Obama plans to accelerate a plan to cap student loan payments at 10 percent of income, bringing it forward to start in 2012 instead of 2014.
"Steps like these won't take the place of the bold action we need from Congress to boost our economy and create jobs, but they will make a difference," he said in a statement.
Obama will announce the student loan measure in Denver later today as he wraps up a swing through western states that will be vital to his re-election campaign in 2012.
The loans initiative will be the third such move by Obama in as many days, following action to aid homeowners and boost hiring of military veterans. The White House wants to show he is an activist president battling a "do-nothing" Congress.
The loan changes do not require approval by Congress.
Americans owe more on student loans than on outstanding credit card debt, and total loans outstanding are slated to exceed $1 trillion this year, according to the Federal Reserve Bank of New York. Outside of mortgages, student loans are the No. 1 source of household debt.
The White House estimates the loan changes could cut monthly payments for 1.6 million graduates.
Student debt will also be forgiven after 20 years, compared with 25 years under current law.
More than 36 million Americans have federal student loan debt, but only 450,000 have so far taken advantage of the existing income-based repayment program.
Obama will also make changes to allow 6 million students to bundle together certain federal loans to allow a single monthly payment, reducing the risk of default caused by juggling multiple debt obligations.
The option will be open from January and those that take it up will also get a 0.5 percentage point cut in the interest rate on some of their loans, lowering monthly payments and potentially saving them hundreds of dollars in interest.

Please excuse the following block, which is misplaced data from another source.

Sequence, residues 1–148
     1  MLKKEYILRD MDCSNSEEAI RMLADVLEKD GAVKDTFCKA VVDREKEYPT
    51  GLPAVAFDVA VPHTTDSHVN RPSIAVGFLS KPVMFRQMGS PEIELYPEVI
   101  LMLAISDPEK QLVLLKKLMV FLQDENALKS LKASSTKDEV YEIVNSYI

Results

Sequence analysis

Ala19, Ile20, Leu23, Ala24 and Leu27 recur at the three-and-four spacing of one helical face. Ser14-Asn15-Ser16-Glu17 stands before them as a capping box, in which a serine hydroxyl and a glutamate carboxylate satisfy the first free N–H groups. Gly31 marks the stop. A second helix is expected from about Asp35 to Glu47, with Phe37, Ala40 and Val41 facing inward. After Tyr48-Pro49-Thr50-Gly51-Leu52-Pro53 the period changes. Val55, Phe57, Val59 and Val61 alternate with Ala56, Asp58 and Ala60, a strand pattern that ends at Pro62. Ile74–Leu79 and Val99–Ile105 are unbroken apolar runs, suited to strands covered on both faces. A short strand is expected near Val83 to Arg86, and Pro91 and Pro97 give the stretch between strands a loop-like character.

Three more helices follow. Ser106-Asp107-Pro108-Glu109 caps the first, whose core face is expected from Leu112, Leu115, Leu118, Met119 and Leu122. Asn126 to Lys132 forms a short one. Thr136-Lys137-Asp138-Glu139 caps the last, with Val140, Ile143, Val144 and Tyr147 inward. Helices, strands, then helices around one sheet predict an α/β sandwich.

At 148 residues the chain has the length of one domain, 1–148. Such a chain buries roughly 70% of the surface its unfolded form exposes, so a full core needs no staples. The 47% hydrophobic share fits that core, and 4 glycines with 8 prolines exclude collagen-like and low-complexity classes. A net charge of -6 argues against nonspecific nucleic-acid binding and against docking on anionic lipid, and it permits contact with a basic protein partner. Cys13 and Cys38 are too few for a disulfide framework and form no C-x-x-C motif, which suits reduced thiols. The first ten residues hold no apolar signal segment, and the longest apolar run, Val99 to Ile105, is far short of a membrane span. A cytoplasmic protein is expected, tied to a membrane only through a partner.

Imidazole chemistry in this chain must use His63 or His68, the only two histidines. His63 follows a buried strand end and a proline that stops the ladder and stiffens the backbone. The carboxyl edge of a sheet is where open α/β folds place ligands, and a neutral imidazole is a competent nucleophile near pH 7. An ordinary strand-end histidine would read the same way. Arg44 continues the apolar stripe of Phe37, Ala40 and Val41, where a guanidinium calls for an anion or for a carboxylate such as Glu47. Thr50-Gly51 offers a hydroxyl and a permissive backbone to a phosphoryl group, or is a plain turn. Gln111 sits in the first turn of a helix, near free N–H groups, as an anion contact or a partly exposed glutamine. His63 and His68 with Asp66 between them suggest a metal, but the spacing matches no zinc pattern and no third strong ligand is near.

"College graduates are entering one of the toughest job markets in recent memory, and we have a way to help them save money by consolidating their debt and capping their loan payments," said Secretary of Education Arne Duncan.
Last year, Congress passed a law that lowered the repayment cap and moved all student loans to direct lending by eliminating banks as the middlemen. Before that, borrowers could get loans directly from the government or from the Federal Family Education Loan Program; the latter were issued by private lenders but basically insured by the government. The law was passed along with the health care overhaul with the anticipation that it could save about $60 billion over a decade.
Today, there are 23 million borrowers with $490 billion in loans under the Federal Family Education Loan Program. Last year, the Education Department made $102.2 billion in direct loans to 11.5 million recipients.
Increases in federal aid have helped ease the burden on students dealing with tuition increases, the White House Council of Economic Advisers said in a report Wednesday.
"Despite large increases in the published price of college over the past four years, the average student has not seen commensurate increases in the net price of college, defined as the published price minus grants, scholarships and tax benefits," the report said.
Meanwhile, the Education Department and the Consumer Financial Protection Bureau announced a project Tuesday to simplify the financial aid award letters that colleges mail to students each spring.
A common complaint is that colleges obscure the inclusion of student loans in financial aid packages to make their school appear more affordable, and the agencies hope families will more easily be able to compare the costs of colleges.